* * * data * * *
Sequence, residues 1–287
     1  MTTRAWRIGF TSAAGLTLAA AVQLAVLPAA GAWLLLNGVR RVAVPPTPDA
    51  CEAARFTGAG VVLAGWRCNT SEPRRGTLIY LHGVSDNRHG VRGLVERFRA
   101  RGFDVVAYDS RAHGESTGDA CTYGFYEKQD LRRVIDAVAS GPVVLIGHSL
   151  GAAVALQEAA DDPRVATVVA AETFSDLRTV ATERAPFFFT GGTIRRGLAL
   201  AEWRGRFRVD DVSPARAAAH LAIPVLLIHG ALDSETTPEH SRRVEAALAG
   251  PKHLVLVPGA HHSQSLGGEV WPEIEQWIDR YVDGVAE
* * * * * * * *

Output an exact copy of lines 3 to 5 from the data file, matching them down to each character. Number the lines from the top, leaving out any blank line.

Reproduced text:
    51  CEAARFTGAG VVLAGWRCNT SEPRRGTLIY LHGVSDNRHG VRGLVERFRA
   101  RGFDVVAYDS RAHGESTGDA CTYGFYEKQD LRRVIDAVAS GPVVLIGHSL
   151  GAAVALQEAA DDPRVATVVA AETFSDLRTV ATERAPFFFT GGTIRRGLAL